Transportation also remains a problem. The rainy season has begun, and most roads and bridges are in poor condition; thus, access to training is limited in some areas. Further, the increase in ritualistic killings in certain parts of the country during the run-up to the elections will limit Master Trainer monitoring visits.

Identification of projects and community contributions for LTI small grants has been slower than anticipated due to: bottlenecks in the complex structure of the LTI program (four OTI-contractor implementing partners and three local sub-implementing partners); some communities hampered by resource capacity in implementing their share of the program; and the necessity of procuring items outside Liberia. For example, simple machinery such as grinding mills must be purchased from other countries in the sub-region.

The Community Youth Peace Education Program is going well. During its assembly in July, it is envisioned that graduates will identify the next steps in their own development as peace agents and position themselves to play a role in the crafting of the national youth policy being planned by the Ministry of Youth and Sports.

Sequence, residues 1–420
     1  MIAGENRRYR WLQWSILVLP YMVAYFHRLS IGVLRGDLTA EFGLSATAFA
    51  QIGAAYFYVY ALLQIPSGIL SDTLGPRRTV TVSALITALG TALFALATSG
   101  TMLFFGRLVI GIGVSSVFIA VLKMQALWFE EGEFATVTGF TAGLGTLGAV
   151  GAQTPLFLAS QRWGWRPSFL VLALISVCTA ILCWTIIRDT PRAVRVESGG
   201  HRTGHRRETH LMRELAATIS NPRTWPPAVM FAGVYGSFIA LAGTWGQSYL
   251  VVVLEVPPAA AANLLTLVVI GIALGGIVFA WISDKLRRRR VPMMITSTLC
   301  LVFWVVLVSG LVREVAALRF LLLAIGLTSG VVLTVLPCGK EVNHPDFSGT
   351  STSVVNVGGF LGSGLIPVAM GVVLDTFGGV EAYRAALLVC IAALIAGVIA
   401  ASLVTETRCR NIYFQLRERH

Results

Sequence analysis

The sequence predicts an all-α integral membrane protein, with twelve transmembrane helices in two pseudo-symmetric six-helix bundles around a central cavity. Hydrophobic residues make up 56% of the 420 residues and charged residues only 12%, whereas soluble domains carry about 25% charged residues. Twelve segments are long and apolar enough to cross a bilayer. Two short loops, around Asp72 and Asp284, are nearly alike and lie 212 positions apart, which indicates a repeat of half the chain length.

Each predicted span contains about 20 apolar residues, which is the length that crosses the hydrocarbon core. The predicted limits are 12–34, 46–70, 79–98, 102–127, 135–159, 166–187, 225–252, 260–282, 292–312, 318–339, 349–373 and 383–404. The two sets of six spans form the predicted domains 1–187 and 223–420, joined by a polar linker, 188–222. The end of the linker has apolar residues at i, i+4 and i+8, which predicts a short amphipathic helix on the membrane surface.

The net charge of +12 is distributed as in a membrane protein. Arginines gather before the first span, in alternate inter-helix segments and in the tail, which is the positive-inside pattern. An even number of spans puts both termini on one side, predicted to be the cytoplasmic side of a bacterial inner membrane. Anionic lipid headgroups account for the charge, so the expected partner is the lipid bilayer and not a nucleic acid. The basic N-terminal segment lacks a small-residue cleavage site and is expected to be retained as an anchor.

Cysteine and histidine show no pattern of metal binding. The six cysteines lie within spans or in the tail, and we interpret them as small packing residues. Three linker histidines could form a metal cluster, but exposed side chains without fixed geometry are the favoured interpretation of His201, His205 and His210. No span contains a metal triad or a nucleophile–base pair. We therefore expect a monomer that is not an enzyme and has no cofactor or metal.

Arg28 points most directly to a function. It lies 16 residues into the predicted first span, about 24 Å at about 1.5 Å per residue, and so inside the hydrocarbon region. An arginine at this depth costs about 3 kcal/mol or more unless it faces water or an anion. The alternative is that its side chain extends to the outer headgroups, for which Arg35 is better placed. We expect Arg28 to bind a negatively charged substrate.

While the Accelerated Learning Program is expanding through LTI efforts both in teacher training and the renovation of ALP schools, the overall lack of training for teachers has crippled the educational system. The failure of the National Transitional Government to pay teachers regularly is also a serious impediment. As USAID/Liberia develops a post-transition strategy, its ability to build upon the ALP will depend on the availability of qualified teachers, the payment of their salaries and an improved capacity of the Ministry of Education.


- Placement of contractor staff outside of Monrovia in order to strengthen the delivery and monitoring of YES community-focused reintegration activities.

- Increasing the pace of YES grant development and implementation.

- YES training conducted in all partner communities.

- Accelerated Learning Program teacher in-service training.

- Community Youth Peace Education Program assembly.

For further information, please contact:

In Washington: Donna Kerner, Senior Program Manager, 202-712-0716,